The health and life sciences are in the midst of a profound revolution that stems from new and fundamental advances in molecular and cellular biology. This is due in large part to the new technology and quantitative approaches that have been developed in the disciplines of chemistry, physics and engineering. These advances, along with the aging of the population and the focus on health issues will increase the demand for better medical devices, techniques, and therapeutic modalities. New policies emerging from health care reform will change the way medicine is practiced and create new opportunities for bioengineers to develop more effective and less costly means to both prevent and treat diseases.
The unique ability for bioengineers to integrate principles from diverse fields and thereby span the gap between basic science advances and their clinical utilization places individuals trained in this field at a critical point in the advancement of health care.
Our interdisciplinary National Institutes of Health-funded Training Program (T32 GM008155) was established in 1983 to formally support new training opportunities in bioengineering, while dissolving traditional academic barriers to interdisciplinary graduate science education. The grant provides stipends and associated support for students during their first two years in the UC Berkeley – UC San Francisco Graduate Program in Bioengineering.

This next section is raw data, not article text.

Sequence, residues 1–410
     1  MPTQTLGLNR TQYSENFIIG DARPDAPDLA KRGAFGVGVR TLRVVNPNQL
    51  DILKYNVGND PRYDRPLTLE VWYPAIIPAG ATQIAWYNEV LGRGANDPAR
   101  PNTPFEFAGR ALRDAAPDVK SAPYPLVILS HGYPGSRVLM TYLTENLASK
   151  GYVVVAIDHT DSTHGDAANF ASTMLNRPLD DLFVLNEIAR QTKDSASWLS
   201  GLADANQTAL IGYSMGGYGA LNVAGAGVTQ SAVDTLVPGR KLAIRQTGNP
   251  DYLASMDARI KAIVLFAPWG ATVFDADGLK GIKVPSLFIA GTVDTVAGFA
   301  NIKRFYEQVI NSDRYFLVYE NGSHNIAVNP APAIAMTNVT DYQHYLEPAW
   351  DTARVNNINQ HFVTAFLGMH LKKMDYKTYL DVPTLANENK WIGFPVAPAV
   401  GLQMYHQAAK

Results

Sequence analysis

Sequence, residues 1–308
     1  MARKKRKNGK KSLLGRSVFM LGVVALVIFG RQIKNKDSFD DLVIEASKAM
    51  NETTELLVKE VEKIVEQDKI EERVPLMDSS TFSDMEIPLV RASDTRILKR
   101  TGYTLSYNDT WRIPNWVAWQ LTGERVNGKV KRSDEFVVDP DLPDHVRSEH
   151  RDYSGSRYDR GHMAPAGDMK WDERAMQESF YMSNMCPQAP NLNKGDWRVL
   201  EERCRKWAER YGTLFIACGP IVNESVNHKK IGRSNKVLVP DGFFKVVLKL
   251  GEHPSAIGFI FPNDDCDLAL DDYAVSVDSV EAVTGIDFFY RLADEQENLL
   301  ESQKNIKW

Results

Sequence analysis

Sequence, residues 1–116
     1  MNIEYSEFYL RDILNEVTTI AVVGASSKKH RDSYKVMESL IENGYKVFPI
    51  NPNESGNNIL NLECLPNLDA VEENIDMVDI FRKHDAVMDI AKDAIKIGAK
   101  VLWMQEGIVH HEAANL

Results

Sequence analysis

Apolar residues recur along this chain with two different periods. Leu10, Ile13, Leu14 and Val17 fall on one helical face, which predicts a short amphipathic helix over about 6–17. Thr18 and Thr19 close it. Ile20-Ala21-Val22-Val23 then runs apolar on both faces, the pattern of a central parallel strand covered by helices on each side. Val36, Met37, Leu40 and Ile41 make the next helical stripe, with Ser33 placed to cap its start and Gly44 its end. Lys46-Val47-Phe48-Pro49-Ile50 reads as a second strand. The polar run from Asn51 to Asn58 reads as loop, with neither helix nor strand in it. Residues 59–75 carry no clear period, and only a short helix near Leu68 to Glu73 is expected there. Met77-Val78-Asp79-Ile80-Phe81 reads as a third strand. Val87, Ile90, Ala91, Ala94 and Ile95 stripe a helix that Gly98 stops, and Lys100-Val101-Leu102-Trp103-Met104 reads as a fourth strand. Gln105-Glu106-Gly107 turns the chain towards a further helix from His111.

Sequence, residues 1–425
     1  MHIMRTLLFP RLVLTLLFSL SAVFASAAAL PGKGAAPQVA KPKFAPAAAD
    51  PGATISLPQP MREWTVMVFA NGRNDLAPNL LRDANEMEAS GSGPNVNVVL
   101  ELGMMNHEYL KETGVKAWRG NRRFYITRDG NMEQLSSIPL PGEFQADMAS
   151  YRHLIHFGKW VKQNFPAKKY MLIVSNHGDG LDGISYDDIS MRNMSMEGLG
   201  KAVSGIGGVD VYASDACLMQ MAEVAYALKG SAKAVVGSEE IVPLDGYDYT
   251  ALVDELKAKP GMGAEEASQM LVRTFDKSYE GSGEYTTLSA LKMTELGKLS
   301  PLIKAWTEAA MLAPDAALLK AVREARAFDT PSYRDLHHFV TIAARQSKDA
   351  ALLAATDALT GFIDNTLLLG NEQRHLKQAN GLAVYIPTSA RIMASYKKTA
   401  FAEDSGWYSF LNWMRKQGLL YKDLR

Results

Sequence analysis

The NIH training program has been a fundamental component of the UC Berkeley – UC San Francisco Graduate Program in Bioengineering for many years. The program links two of the most productive and highly regarded research institutions in the nation to engage and train future leaders and innovators in bioengineering. During that period, it has stimulated numerous interactions between the two campuses and has enriched the opportunities for graduate students to experience how engineering principles can be brought to bear upon important problems in biomedical sciences and clinical care.
The original NIH Training grant and its subsequent renewals have ensured not only financial support for bioengineering students during their crucial first two years, but have formalized a directed training program in both basic and applied bioengineering research.
Dr. Tejal Desai
Bioengineering & Therapeutic Sciences
Dr. Tamara Alliston
Dr. Steven Conolly
Bioengineering and Electrical Engineering